April 10, 1996

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Vol. 15, Issue 29
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Even as the National Science Teachers Association recorded its highest-ever conference attendance here, officials already were looking to next year's meeting and beginning to worry about turnout.
Science teachers believe the voluntary national science standards will help improve the way they teach, a new survey shows.
Youth Service America has announced the 11 finalists in its second annual Fund for Social Entrepreneurs competition.
The budget for chart paper and markers had been used up entirely. The yarn had been tossed around and all the ice had been broken. Post-it notes adorned all walls, and members of every possible team had achieved true consensus and been included. Vision and mission posters hung in every room. High-priced consultants had visited and talked about the meaning of "real reform."
Saturday, March 9, 1996, was NetDay in California. And if you have only a vague notion of what that means, don't feel too bad about it. Like me, you are probably among those who are still tiptoeing uneasily into that brave new world where the boundaries are only defined by the technical limits of personal computers and their links to the Internet. To hear computer enthusiasts talk, that means it is a world with virtually no boundaries.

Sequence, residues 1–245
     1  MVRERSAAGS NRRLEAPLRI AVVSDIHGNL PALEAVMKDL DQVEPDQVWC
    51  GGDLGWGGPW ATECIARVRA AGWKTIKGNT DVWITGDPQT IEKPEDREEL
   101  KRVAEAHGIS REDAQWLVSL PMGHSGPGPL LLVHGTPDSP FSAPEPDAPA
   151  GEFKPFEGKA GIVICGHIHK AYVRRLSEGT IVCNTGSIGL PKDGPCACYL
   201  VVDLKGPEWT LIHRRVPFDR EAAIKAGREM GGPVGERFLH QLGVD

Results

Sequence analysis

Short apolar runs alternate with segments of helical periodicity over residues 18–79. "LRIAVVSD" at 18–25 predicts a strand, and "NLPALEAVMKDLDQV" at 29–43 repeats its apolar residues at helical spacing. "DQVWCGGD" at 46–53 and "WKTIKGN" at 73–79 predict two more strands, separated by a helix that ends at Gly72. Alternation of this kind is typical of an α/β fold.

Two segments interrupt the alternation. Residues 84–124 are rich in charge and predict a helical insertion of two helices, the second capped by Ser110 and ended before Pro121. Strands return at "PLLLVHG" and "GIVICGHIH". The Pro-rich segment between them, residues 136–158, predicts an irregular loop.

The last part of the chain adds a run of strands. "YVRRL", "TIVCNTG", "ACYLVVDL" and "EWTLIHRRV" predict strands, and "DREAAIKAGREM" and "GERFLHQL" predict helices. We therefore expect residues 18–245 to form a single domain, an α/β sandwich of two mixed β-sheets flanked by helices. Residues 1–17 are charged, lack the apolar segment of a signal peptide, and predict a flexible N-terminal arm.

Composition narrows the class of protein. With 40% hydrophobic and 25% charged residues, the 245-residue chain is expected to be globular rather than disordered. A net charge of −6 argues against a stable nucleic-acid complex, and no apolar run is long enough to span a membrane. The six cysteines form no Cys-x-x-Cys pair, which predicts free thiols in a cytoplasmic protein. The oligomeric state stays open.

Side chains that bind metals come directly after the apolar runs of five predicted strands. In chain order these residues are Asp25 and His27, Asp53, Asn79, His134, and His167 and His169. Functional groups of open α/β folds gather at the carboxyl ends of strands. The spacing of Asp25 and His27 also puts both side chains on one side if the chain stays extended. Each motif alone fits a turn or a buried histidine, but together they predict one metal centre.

It seems clear that the choice train is on track and picking up policymakers around the country. The train is pulling vouchers, charter schools, and open enrollment onto the main line. Fueling this train are a combination of attractive philosophical arguments about parents' rights to choose their children's schools and claims that choice will spur innovation and increase the overall quality of education in America.
FOUNDATION SUPPORT: Coverage of specific topics in Education Week is supported in part by grants from the Eli and Edythe Broad Foundation, the Bill & Melinda Gates Foundation, the CME Group Foundation, the Carnegie Corporation of New York, the Jack Kent Cooke Foundation, the Joyce Foundation, the NoVo Foundation, the Noyce Foundation, the Raikes Foundation, the Wallace Foundation, and the Walton Family Foundation. The newspaper retains sole editorial control over the content of the articles that are underwritten by the foundations. Additional grants in support of Editorial Projects in Education’s data journalism and video capacity come from the Leona M. and Harry B. Helmsley Charitable Trust and the Schott Foundation for Public Education. (Updated 1/1/2017)

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